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I have an old laptop ( HP Compaq 6510b ) that i am trying to install Linux on but it seems to be very picky about what distros it will ...
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  1. #1
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    Laptop will not load certain live Cd's / install discs


    I have an old laptop ( HP Compaq 6510b ) that i am trying to install Linux on but it seems to be very picky about what distros it will let me install. So far I have had no problem with Debian , Fedora , and Crunchbang , but just about everything else I have tried I am greeted with a blank screen when I try to load the live CD / install disc . I have checked the discs themselves by loading them in a different system and they all work fine. I have even tried burning the discs on a different system , still no change. Also , this may be a separate issue but but when my laptop boots and says " press f12 for boot menu " it will not load the boot menu no matter how quickly , repeatedly , or firmly I press f12.

  2. #2
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    I can think of several reasons why this may happen, so we need more information.
    1. the CD-ROM in your laptop may have difficulty reading burned discs, not always but sometimes. Have you had problems like this before?
    2. this might be a stupid question, but are you sure you got the Intel X86 live CD, and not for some other architecture like AMD-X86, ARM, or PowerPC?
    3. are you burning a copy of an ISO image file? what software are you using to burn discs?

    Also, try pressing F12 with the function key down? On my Dell, you can set the F-keys to execute functions like volume-up, volume-down, and you need to hold down the "Fn" key to send a F12 key event to the computer, and this feature is configured in the BIOS menu, so it is "built-in" to the keyboard, not part of the operating system.

  3. #3
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    Well I have not had this laptop for very long so this is the only time i have run into this problem. I have been using Brasero to burn the install / live cds and I have tried making new copies of all the discs on another computer (using gnomebaker) . The ones that work now still work and the ones that didn't work still don't work . Like I said before I have only had luck with Debian , crunchbang , and fedora ( what i am running now . ) About a dozen others I have tried ( of the correct architecture) , but nothing but a black screen . As for the boot menu , when I press f9 ( f12 is for network boot , which also doesnt work ) it says "loading boot menu " , but than I just get the same black screen as with so many of the install discs , which is why I thought they may be related .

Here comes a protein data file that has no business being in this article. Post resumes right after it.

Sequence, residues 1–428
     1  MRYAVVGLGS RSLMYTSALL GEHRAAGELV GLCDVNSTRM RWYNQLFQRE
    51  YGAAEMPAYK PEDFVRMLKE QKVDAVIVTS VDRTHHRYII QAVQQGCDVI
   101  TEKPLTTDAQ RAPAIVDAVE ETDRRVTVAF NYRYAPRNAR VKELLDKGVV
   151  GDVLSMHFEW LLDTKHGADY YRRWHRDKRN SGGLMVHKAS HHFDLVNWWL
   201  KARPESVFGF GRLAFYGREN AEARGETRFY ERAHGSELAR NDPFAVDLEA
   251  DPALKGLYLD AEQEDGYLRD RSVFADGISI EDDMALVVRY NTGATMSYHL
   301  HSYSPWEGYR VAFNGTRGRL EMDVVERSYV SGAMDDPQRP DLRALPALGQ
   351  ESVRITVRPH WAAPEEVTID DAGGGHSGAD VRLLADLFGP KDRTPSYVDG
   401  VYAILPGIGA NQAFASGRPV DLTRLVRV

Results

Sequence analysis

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    It's quite probable that your problem is that the screen driver that is setup when you boot the live CD is unable to determine an appropriate resolution for your monitor, and gives up trying to do so. Most such problems have been fixed in the drivers provided with Debian and RedHat and related distros, but haven't gotten updated in other distros you've tried.

    Sometimes a resolution that works is arrived at, but it's too high for your monitor, and the screen image is cropped, so a crucial control or panel is off-screen. Other times the chosen resolution is too low. Usually what I do in this case is to create an /etc/X11/xorg.conf file and edit it to set the screen modes.

  5. #5
    Linux Guru rokytnji's Avatar
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    Code:
    HP Compaq 6510b
    https://wiki.archlinux.org/index.php/HP_Compaq_6510b

    HP-Compaq 6510B [LinLap - Linux Laptop Wiki]

    Summary

    There are absolutely no problems at all in using Linux on the HP-Compaq 6510B. Most up to date Linux distributions should be able to handle this laptop just fine.
    But sometimes it can be hit or miss. I would be using live usb on that instead of cd/dvd to save on bucks. Heck. I even use live usb on usb 1.1 with no usb bios boot support when I can.
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  6. #6
    Linux Newbie mactruck's Avatar
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    When I had this problem on an old PC is was because my computer did not have enough RAM. Tried distro's that required less RAM and it worked fine.

  7. #7
    Linux Engineer MASONTX's Avatar
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    I have had this problem on some older laptops due to the manufacturers display's being proprietary in nature. Using an alternate install, Vesa driver, or just trying different distro's to find out which ones it liked did the trick. You have found three distro's, explore them to see if you can live with them, or look for an alternate install ISO of the one you want.
    Registered Linux user #526930

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